Are we witnessing a reversal of long-standing cloud trends?
In case you haven’t heard, Amazon Web Services makes money. Considering the fact that, overall, Amazon as a company has never turned a profit, this is actually news.
According to their April 23rd first-quarter statement, in fact, Amazon’s AWS segment generated more than a billion dollars in net sales in 2014, against just over $800 million in operating expenses. Year over year net sales grew by 49% in the first quarter of 2015. AWS currently has assets (property, equipment, and accounts receivable) of nearly seven billion dollars.
Amazon founder and CEO, Jeff Bezos, used the announcement to characterize AWS as “a $5 billion business and still growing fast – in fact, it’s accelerating.”
What makes this news remarkable is not just the fact that Amazon has never earned a profit, but the reason why: Bezos, and presumably his shareholders along with him, have a very high tolerance for risk. In principle, they’re not opposed to failure. (which, considering the fate of their investments in Kozmo.com, Askville.com, pets.com, and the Fire phone, is probably a good thing.)
Amazon has always been ready to invest huge amounts of money in potentially transformative cloud trends others found too frightening. So given Amazon’s willingness to invest heavily in long-term speculative projects, the fact that AWS is doing this well is very good news for everyone who relies on their services.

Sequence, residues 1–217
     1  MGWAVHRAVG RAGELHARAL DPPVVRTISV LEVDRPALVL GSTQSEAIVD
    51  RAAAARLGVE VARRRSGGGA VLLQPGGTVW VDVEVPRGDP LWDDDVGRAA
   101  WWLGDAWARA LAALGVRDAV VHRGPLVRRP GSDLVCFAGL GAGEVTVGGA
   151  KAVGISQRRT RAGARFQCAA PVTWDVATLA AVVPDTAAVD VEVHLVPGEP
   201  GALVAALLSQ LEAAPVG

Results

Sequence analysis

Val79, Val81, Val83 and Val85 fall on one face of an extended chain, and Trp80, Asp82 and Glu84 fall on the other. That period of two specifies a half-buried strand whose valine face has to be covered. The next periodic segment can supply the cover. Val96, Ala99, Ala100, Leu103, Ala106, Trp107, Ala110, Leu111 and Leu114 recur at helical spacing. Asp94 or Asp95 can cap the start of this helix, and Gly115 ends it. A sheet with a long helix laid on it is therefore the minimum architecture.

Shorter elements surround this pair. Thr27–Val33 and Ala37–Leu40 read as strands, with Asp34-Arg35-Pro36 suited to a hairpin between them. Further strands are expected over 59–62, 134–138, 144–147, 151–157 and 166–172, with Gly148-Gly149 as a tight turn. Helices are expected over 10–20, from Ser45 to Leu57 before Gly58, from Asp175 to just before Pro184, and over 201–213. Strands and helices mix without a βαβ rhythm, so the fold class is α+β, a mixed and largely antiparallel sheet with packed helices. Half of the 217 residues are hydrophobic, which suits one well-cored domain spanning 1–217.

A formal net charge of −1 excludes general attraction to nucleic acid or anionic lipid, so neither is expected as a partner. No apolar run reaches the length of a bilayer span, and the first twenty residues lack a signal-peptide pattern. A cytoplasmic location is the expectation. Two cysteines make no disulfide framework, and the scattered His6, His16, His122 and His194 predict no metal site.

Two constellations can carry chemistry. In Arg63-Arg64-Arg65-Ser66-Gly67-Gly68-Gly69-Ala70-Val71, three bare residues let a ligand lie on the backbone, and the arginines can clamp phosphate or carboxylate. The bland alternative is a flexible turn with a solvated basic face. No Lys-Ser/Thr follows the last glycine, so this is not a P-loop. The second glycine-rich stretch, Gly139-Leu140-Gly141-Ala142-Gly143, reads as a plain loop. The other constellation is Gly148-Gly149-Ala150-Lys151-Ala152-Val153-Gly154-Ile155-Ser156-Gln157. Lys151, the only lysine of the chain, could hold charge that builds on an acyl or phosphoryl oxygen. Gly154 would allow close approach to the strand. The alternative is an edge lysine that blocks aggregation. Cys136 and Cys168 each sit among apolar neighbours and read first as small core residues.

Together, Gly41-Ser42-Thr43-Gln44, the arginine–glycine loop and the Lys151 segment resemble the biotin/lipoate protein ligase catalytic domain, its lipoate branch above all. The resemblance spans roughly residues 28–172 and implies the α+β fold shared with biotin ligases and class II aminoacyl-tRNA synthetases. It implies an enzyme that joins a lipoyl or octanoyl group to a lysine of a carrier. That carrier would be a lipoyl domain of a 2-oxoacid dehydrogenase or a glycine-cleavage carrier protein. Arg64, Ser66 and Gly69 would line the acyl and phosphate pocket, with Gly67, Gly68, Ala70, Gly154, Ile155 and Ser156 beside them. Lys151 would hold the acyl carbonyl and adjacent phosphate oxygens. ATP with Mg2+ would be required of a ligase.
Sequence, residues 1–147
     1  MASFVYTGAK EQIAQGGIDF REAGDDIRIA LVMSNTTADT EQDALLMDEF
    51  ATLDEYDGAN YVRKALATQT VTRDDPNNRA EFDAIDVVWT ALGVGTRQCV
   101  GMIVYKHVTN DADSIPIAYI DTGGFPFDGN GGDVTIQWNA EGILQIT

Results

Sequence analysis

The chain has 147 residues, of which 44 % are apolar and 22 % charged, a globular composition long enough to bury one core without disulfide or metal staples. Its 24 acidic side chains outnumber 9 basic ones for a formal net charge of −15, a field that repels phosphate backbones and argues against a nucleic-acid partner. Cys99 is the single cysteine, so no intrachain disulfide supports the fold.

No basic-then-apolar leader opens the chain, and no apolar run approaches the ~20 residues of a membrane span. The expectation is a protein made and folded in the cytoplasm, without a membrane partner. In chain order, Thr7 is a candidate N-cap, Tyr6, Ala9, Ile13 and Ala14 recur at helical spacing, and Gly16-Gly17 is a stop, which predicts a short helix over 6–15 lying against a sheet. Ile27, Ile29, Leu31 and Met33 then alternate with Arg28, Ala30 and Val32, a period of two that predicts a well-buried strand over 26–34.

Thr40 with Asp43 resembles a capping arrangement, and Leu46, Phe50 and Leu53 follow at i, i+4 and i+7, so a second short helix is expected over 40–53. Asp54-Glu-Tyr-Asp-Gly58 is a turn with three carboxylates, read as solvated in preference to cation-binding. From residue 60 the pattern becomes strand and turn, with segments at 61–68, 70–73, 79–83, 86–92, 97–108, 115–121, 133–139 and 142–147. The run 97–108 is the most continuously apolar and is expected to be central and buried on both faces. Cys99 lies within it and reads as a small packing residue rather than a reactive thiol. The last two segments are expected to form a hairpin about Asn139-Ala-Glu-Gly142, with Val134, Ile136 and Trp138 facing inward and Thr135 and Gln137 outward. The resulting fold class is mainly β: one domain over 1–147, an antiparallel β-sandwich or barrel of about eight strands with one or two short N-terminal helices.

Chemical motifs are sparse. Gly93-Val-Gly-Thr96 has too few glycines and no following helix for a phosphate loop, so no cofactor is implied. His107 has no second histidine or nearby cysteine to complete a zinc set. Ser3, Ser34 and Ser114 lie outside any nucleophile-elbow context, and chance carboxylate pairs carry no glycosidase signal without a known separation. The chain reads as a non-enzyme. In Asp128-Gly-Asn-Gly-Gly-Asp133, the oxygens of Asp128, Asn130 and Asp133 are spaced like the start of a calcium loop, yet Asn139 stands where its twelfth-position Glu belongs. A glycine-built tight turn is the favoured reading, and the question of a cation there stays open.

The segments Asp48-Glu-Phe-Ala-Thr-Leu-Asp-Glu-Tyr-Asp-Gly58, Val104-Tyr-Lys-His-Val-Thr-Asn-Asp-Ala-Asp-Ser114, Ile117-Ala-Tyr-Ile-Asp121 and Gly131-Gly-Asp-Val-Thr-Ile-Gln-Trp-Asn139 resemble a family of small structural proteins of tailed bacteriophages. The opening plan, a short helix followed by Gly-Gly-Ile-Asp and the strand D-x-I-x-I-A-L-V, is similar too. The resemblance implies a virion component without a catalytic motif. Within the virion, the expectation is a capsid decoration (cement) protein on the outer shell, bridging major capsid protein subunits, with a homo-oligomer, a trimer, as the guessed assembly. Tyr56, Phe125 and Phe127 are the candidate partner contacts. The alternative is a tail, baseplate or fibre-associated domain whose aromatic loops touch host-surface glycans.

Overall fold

What do these cloud trends mean for us?
Which brings all of this back to Cloud Academy. We exist to provide world-class training in cloud computing skills. Cloud Academy students join our community to learn how to use the cloud to realize their personal and professional dreams. But you sometimes can’t help but wonder whether this very young technology really has the staying power to justify all the effort. Will the big cloud players still be around in a few years?
Based on last week’s announcement, we can be even more confident is saying that the short answer to that question is “yes.”
According to research firm Forrester (as reported by Wired), “cloud computing will account for about 15 percent of all information technology spending within the next five years.” Wired also reported that “big name financial services firm Deutsche Bank…estimated that Amazon’s haul is about ten times that of its nearest cloud competitor, Microsoft Azure.”
Or, in other words, AWS, that most trendy of cloud trends, is in a very good position to continue its dominance.
Now get back to your studies.